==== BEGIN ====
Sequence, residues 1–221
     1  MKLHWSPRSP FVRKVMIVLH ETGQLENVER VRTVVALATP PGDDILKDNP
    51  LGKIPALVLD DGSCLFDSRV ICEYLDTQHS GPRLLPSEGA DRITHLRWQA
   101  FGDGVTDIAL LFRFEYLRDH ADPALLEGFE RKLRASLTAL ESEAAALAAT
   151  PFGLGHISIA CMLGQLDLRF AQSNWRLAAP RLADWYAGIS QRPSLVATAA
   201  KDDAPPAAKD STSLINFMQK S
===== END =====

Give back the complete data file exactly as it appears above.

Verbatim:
Sequence, residues 1–221
     1  MKLHWSPRSP FVRKVMIVLH ETGQLENVER VRTVVALATP PGDDILKDNP
    51  LGKIPALVLD DGSCLFDSRV ICEYLDTQHS GPRLLPSEGA DRITHLRWQA
   101  FGDGVTDIAL LFRFEYLRDH ADPALLEGFE RKLRASLTAL ESEAAALAAT
   151  PFGLGHISIA CMLGQLDLRF AQSNWRLAAP RLADWYAGIS QRPSLVATAA
   201  KDDAPPAAKD STSLINFMQK S